Friday, April 21, 2017
M.N.Roy Memorial Lecture: Free Speech, Nationalism and Sedition by Justice AP Shah
M.N. Roy Lecture by Justice A. P. Shah (retired)
April 19, 2017, Speaker Hall, Constitution Club, New Delhi.
Organised under the aegis of The Indian Renaissance Institute
Short excerpt of the lecture / Full text is available in PDF below
A. Introduction: “A parochial, selfish, narrow minded nationalism has caused so much misfortune and misery to the world. A mad and exaggerated form of this cult of nationalism is today running rampant....” This statement made by M.N. Roy, as far back as 1942, may resonate with many even today, particularly in these times we live in. Good evening, Justice Chalmeswar, Mr. Pancholi and distinguished members of audience. It is a privilege and an honour to be here to deliver the M.N. Roy Memorial lecture today.
M.N. Roy was a leading intellectual and thinker, and an activist philosopher, who was deeply involved in the Humanist Movement. He was critical of the fundamentals of Indian nationalism and the ideology of nationalism in general, particularly in light of the rise of Fascism and Nazism and the outbreak of the Second World War. Roy left India during the earlier part of the First World War as a full-blooded nationalist, but changed his views after much reflection and new political experiences.
He founded the Communist Party of Mexico in 1919, the first Communist Party outside Russia. During the second World Congress of Communist International, Roy helped formulate the famous Thesis on the National and Colonial Question by Lenin, although he disagreed with Lenin on the class composition of the leadership of the nationalist movement in colonies. Subsequently, on account of disagreements with Stalin, Roy returned to India in December 1930.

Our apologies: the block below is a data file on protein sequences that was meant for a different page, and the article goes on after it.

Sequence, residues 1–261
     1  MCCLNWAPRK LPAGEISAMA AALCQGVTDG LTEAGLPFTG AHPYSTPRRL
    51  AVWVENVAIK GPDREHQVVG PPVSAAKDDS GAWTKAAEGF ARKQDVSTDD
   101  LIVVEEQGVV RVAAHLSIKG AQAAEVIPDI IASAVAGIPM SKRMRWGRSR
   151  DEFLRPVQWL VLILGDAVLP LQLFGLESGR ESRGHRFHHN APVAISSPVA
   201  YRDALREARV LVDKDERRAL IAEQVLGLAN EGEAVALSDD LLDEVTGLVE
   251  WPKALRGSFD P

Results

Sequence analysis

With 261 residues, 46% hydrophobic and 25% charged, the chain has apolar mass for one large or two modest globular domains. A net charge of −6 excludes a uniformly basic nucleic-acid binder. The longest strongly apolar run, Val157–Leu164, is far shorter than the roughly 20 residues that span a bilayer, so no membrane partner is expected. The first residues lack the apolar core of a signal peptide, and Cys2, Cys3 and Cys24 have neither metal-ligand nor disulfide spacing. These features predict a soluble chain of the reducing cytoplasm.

His return, however, was short lived. In July 1931, he was arrested on charges of sedition for the Bolshevik Conspiracy Case and tried in Kanpur Jail, without any open trial. He was sentenced to jail for 12 years, and was eventually released within six years at the age of 36. Thereafter, Roy joined the Congress, although he ultimately fell out with them on account of their reluctance to support the British to oppose fascism (which he considered to be a greater evil) in the Second World War.
After India became independent, Roy became a chief proponent of the idea of “radical humanism”, which he described as “a new humanism”. He continued writing on nationalism and on its economic and political aspects. In 1944, he drafted a “Constitution of Free India”, where he included a chapter on “Declaration of Fundamental Rights” which clearly stated that a “right to revolt against tyranny and oppression is sacred”.
B. The Situation Today: Roy’s ideas thus covered a broad range of topics, including speech and dissent. In fact, that is exactly why I have chosen to speak on Nationalism, Free Speech and Sedition for this memorial lecture. Today, we are living in a world where we are forced to stand for the national anthem at a movie theatre, we are told what we can and cannot eat, what we can and cannot see, and what we can and cannot speak about. Dissent, especially in the university space, is being curbed, and sloganeering and flag raising have become tests for nationalism. We have a 21-year old University student who is subject to severe online hate, abuse, and threats, only because she dared express her views... read more:
Supreme Court order on national anthem uses patriotism to undermine individual rights // Has the deification of the nation become the nationalisation of God?